2020
Invasive Species Removal

Royal Heights Green Superheroes!

Royal Heights Elementary
  • Grade 3
  • Grade 4
Video Project (1 video)

Community Coach(es): 

City of Surrey

Would you like to upload a supporting PDF?: 

No

Royal Heights Green Superheroes

Did you know that invasive species spread? The Royal Heights Green Superheroes have been learning about the harmful and helpful qualities of the Himalayan Blackberry bush. We discovered that invasive species are taking over our park path, so we decided to cut, pull and dig out the Himalayan Blackberry bush. The Himalayan Blackberry bushes take over spaces by hogging all the water and nutrients which means trees and plants native to our community don’t get any nutrients. Removing this invasive species will create more room for the animals and trees, as well as more space for us to walk and play in the park. By doing this work, we are helping the environment. We also are making room for everyone in our community including the plants and animals. Clearer paths mean more walks for us and a clean habitat for animals and plants.

The purpose of our project is to save the plants native to our community and have more space so that we can plant even more native plants like snowberry and salmonberries. We want to do our part and help the environment, so Division 5 decided to take action and remove the Himalayan Blackberry bush. Although the Himalayan Blackberry bush is invasive and harmful to the native plants and trees in British Columbia, Division 5 learned that it can also be useful. Through our research we learned that the leaves can be used to make paper. We also discovered that the Himalayan Blackberry bush can be used to make clothing and baskets. From the berries, people can make jellies, jams and even skin care products.

Our project is to pull out all of the invasive Himalayan Blackberry bushes near our school community at Royal Heights Park. As a team, we walk to the park and try to do this project at least two times a month. The Royal Heights Green Superheroes started this project in October 2019 and are still continuing to remove the invasive blackberry bush. When our class goes out to pull the invasive species, we usually spend about 2 hours at the park digging up roots and cutting branches. This is hard work, but we feel like superheroes each time we go down to the park to remove the blackberry bushes. With the help of the City of Surrey, teachers, educational assistant and parent volunteers, as a team we are able to work together to make a difference in our community.

On our first day at Royal Heights park, Division 5 met Kary, an amazing individual who works with the City of Surrey. Kary shared her knowledge with us and taught us how to identify the Himalayan Blackberry bush. We had to work hard to become familiar with the blackberry bushes so that we always pull out the right plant. Kary showed us that an adult blackberry bushes leaves are grouped together in clusters of five. If the blackberry bush is young it will have clusters of three leaves. Kary also told us that blackberry bush leaves will be darker green on top and underneath they will be a light green color. Kary also worked hard to show us how to use the tools properly. Some of the tools we use are loppers, shovels, and snips. We always have to wear protective gloves to keep our hands from getting pricked. Removing the Blackberry bushes is hard work, but as a team Division 5 perseveres and never gives up!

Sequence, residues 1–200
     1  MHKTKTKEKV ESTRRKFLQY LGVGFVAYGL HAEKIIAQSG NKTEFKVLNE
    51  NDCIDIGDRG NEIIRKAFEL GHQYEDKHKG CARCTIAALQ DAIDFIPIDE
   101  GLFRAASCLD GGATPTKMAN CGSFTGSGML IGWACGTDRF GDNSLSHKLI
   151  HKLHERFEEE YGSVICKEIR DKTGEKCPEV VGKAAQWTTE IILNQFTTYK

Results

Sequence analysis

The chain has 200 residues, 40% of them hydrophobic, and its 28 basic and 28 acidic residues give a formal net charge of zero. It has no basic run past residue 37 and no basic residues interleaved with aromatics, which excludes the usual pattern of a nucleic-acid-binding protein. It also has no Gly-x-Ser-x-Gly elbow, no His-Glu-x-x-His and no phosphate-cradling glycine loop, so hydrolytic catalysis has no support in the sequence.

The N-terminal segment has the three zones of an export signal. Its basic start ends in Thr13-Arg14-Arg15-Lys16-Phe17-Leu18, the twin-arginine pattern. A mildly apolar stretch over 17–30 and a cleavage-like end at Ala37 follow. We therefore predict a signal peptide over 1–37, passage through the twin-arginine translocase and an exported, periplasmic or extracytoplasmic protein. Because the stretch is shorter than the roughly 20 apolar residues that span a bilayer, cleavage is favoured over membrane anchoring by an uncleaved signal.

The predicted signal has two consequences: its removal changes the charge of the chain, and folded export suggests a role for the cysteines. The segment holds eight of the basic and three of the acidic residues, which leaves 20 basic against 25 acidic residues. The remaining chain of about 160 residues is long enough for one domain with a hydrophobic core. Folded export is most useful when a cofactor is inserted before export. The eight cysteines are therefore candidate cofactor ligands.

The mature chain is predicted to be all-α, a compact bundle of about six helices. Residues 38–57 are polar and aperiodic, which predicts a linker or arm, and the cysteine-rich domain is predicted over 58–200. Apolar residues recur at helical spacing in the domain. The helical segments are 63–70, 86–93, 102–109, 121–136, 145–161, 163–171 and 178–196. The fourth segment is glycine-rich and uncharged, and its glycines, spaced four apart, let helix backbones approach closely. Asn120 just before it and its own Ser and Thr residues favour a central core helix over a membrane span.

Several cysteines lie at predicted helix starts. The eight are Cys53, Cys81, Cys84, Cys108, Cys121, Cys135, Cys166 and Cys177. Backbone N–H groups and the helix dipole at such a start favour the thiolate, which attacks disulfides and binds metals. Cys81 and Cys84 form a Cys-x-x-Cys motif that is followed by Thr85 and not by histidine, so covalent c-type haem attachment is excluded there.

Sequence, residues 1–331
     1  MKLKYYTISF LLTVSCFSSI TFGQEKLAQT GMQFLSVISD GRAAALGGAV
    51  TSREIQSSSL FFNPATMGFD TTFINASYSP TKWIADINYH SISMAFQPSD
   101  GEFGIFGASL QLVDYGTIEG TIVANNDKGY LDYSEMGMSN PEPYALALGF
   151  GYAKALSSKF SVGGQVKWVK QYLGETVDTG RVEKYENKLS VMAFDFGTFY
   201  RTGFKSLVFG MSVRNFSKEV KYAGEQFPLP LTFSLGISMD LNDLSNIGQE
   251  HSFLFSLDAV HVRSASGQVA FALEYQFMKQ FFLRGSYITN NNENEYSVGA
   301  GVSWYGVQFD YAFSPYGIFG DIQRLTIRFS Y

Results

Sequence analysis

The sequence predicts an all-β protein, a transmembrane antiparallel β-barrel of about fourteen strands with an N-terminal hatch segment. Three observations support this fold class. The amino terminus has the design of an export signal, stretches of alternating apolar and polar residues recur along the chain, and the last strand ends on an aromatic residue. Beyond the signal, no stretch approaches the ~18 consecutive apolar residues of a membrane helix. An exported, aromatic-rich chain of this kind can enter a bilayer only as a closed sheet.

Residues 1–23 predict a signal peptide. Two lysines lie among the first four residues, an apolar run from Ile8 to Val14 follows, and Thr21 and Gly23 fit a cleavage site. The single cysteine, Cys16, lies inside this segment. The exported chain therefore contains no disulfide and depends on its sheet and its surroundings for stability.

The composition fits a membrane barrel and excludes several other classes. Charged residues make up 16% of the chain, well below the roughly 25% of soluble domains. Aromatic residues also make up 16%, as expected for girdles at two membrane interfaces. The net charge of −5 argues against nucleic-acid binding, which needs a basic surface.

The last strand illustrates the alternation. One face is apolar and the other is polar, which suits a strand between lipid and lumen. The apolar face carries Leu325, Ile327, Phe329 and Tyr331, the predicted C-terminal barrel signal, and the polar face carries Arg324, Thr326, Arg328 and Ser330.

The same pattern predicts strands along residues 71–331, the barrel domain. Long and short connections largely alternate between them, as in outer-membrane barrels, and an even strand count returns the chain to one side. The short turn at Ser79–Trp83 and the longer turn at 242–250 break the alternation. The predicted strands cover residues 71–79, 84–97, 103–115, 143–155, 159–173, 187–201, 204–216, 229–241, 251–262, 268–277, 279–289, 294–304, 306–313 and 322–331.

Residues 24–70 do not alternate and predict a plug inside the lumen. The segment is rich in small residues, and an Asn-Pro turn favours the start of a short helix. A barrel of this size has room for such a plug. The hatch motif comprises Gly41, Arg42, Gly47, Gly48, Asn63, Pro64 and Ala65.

As a class we wanted to do as much as we could to help our local park. We made it our goal to remove all of the Himalayan Blackberry bushes in the area designated by the City of Surrey. It is a big area, but our goal is to cut more and more each time we go to Royal Heights Park. Division 5 can achieve this goal by being focused, staying on task and working together as a team.

Pulling out the invasive species is hard work. Division 5 faces many challenges each time we go down to Royal Heights Park. When we are trying to cut the thick branches, it is very hard for one person to do it alone, so we support one another and work together to use the lopper to trim down the thick branches. It is also very challenging cutting the branches to be a ruler length in size before putting it into the leaf bag. Sometimes our classmates accidentally hit our teammates when trying to cut down the branches. Even though trimming branches and pulling the branches out is difficult, we try to work together as a team, and it makes us feel good. One time, a few of us were trying to cut some branches that were on a hill and we ended up falling down the hill because it was slippery and muddy, but we got back up and continued our job.

Even though this work can be difficult, we are motivated to continue this project because we know that we are helping our environment. Through our project, we were able to teach our parent volunteers about the ways in which the Himalayan Blackberry bushes can harm our community. Together, with the parent volunteers we work to remove these bushes. Our project is beginning to have an impact on our community because our parents can see how important this work is to Division 5. We can see that our hard work is making a difference because the space in our park where there was once a ton of blackberry bushes is now a patch of dirt because we have removed a lot of the bushes. As a class, we hope to continue this project and will continue to share our research and learning with other classes in our school community. We believe it is important to teach others about our environment and the things we can do to support our community including trees, plants, animals and humans. Now go out there and be a ROYAL HEIGHTS GREEN SUPERHERO!